Golden State begins the second round at home on Tuesday night against the winner of Sunday’s Game 7 between the Los Angeles Clippers and Utah Jazz. The Warriors have been off since sweeping the Trail Blazers last Monday, giving them more than a week between games.

“I’m trying to make sure I rest it as much as I possibly can, because when I do come back I plan on staying all the way back,” Livingston said Saturday. “Hopefully it will be ready for Tuesday.”

After taking Tuesday and Thursday off following their first-round sweep, the Warriors practiced for a second straight day Saturday. They plan to practice again on Sunday and then again Monday once they know their second-round opponent.

There is no update on the status of coach Steve Kerr, who missed the final two games of the first round because of complications from two back surgeries. Kerr talks daily with interim coach Mike Brown and took part in coaching meetings Friday but was not at practice on Saturday.

PBT Extra: Rockets vs. Spurs far more than Kawhi Leonard vs. James Harden

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Kawhi Leonard vs. James Harden. Two MVP candidates matching up in the second round of the NBA playoffs.

However, the San Antonio Spurs vs. Houston Rockets is much more than that.

It’s a battle of pace. It’s a chess match between two of the best coaches in the game. It’s about which team’s role players are going to step up.

I talk about all of that in this latest PBT Extra. Plus, of course, when Leonard will guard Harden.

How to start your Saturday night: Watching 15 minutes of best plays from NBA season

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There are no NBA playoff games Saturday night, the first night since the start of the postseason there hasn’t been one game. Don’t worry, there are two games on Sunday, including Game 7 between the Jazz and Clippers.

But if you need a Saturday night fix, this will have to do: 15 minutes of the best plays from last season, as compiled by NBA.com.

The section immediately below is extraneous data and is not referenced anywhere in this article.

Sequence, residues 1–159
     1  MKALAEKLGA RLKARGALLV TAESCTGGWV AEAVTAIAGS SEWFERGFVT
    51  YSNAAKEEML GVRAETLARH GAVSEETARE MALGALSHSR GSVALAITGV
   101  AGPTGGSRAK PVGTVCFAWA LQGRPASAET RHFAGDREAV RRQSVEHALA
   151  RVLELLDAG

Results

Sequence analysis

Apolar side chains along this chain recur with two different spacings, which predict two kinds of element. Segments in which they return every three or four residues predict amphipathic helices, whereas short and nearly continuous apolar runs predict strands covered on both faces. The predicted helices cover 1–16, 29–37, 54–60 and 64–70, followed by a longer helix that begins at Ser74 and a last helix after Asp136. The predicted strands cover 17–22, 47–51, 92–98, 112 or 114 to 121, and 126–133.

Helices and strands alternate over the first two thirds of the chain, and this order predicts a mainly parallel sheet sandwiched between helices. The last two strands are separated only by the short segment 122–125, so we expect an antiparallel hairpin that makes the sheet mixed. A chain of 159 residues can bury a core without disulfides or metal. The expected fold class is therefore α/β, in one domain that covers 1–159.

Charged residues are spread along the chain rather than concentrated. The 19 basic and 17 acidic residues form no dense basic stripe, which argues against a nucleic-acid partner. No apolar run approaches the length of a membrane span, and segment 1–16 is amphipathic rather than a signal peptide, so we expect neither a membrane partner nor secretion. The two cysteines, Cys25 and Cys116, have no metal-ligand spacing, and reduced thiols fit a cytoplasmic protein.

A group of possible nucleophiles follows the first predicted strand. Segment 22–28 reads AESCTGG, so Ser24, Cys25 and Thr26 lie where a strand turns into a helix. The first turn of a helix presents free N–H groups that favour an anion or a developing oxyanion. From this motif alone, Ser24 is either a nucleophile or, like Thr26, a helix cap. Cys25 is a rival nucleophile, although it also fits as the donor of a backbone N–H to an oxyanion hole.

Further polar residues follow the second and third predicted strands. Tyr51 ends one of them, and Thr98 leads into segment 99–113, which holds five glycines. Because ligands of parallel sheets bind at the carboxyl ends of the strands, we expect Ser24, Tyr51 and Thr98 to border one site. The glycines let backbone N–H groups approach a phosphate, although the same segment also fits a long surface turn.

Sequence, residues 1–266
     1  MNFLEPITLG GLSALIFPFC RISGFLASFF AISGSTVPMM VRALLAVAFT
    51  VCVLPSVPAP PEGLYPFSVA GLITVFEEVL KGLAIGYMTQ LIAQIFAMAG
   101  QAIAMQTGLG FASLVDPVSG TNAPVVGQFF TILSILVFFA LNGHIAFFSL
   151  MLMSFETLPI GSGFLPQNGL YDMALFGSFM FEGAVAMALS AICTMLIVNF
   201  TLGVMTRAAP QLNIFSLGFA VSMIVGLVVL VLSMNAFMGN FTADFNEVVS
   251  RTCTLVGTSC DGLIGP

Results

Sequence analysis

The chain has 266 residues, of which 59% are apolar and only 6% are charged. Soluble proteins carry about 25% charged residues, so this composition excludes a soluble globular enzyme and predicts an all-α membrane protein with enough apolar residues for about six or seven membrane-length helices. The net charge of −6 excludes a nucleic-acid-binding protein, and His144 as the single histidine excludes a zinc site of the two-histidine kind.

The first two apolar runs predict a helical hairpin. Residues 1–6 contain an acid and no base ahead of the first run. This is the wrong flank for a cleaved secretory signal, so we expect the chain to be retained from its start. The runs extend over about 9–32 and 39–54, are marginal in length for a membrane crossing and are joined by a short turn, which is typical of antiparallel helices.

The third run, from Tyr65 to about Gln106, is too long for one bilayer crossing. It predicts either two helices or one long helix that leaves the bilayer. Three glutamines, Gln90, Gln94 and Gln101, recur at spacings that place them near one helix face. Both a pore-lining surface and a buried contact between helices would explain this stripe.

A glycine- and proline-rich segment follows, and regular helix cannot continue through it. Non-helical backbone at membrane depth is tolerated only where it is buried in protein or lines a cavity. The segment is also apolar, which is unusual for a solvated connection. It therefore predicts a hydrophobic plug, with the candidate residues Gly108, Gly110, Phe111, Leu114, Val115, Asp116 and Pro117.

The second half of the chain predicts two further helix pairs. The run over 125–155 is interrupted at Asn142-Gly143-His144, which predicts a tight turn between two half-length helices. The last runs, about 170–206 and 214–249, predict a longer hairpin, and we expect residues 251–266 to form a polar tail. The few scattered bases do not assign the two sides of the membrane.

Go ahead, watch it. You’ve got nothing better to do.

 

Paul Millsap says the expected, he will “most likely” opt out of contract

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This is ranked right next to “overeating can lead to weight gain” on the list of surprising things, but we will dutifully report it anyway:

Paul Millsap is going to opt out and officially become a free agent this summer.

Atlanta’s owner as well as Mike Budenholzer, the coach and head of basketball operations, have both said they plan to do whatever it takes to re-sign Millsap with the Hawks. Millsap didn’t sound like someone eager to leave after the Hawks were eliminated from the playoffs Friday.

“It’s been great. I’m looking to expand this and see where the franchise can go. These last four years has been great. I couldn’t ask for anything more.”

Even with both sides singing Kumbaya, keeping Millsap in Atlanta likely means a five-year contract at or near the max, which for a 32-year-old player means the Hawks would regret the last year or two of that deal.

Not that the Hawks have much of a choice here, they have to come in big and keep him. For one, they can’t afford to lose Al Horford and then Millsap for nothing in back-to-back years. If they were going down the rebuilding road, they needed to trade Millsap at the deadline (or last summer) to make sure they got something in return. Atlanta explored trade options at the deadline, but then pulled back (rumored to be because of an edict from ownership, which didn’t want to see the team blown up after the Kyle Korver trade).

By not making that trade the Hawks signaled their intention to remain a good team — a 43-win team this season that got them the five seed — with Dennis Schroder and Dwight Howard, one that draws well at an arena that historically has not been that full, and see if they can add on. They strike me as a team that will win between 42-50 games a year and be middle of the pack in the East for the next few years, unless they can find a way to add an elite player (which is incredibly difficult).

But if the Hawks can’t re-sign Millsap, then the plan gets blown up. So expect them to come in with a big offer come July 1.